The simple, forward-thinking idea of a wine trail was created in 1937 by the Conseil Départemental of Côte-d’Or at at the same time as paid holidays were introduced nationally. The Route des Grands Crus is the oldest wine trail in France and was the first to pave the way for tourists to discover vineyards. The Route invented wine tourism, a new way of travel which quickly acquired a reputation that soon went far beyond the borders of France thanks to increased car ownership and leisure outings.
The 60km long route, nicknamed the « Champs-Elysées de la Bourgogne », runs through 37 legendary villages and two towns, Dijon and Beaune, a region with an immensely rich heritage. Just saying the name of some of the stopovers on this mythical trail is enough to tickle the taste buds of fine wine connoisseurs :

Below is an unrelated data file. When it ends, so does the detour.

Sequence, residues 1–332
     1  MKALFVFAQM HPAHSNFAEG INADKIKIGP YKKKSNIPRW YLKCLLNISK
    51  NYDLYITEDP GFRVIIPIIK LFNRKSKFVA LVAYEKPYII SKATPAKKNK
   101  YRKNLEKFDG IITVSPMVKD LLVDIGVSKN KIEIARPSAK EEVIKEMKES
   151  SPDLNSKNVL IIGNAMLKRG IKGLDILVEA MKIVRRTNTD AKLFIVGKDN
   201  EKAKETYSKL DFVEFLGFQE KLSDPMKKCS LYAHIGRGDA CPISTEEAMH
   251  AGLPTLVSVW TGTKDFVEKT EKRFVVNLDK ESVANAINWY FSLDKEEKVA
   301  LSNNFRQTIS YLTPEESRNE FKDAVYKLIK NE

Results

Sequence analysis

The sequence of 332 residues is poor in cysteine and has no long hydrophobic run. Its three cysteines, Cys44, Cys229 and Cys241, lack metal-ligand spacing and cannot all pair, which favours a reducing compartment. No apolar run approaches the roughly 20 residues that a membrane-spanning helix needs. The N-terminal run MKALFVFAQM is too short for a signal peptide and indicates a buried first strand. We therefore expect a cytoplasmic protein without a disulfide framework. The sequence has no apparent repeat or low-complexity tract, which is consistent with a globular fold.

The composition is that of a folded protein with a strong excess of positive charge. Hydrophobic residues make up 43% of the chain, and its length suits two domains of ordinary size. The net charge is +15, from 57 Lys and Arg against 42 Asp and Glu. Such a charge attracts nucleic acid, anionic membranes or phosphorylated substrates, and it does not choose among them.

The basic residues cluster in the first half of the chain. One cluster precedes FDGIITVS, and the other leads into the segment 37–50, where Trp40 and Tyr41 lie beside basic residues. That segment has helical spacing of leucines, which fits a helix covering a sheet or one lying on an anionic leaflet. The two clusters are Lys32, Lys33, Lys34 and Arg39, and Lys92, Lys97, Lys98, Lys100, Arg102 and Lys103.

Dijon, regional capital of the Dukes of Burgundy
Marsannay, a unique AOC (PDO) producing red, white and rosé.
Fixin, where the veteran soldier, Noisot, paid a stirring tribute to Napoleon
Gevrey-Chambertin, village with 9 ‘grands crus’ and 26 ‘premiers crus’
Le Clos Vougeot, a splendid château, seat of the ‘Confrérie des Tastevins’
Vosne-Romanée, the most-highly prized wine-growing plots in the world
Nuits Saint Georges
Aloxe-Corton and its legendary hillside
Beaune, capital of Burgundy wines and its Hospices
Pommard, favourite wine of Flaubert
Saint Romain and its cliffs overlooking Côtes de Beaune
Meursault and its Mairie (town hall), where the La Grande Vadrouille was filmed.
Chassagne and Puligny-Montrachet, partners and rivals for white wines of exceptional quality
Santenay and its spa centre, and Maranges south of Côtes de Beaune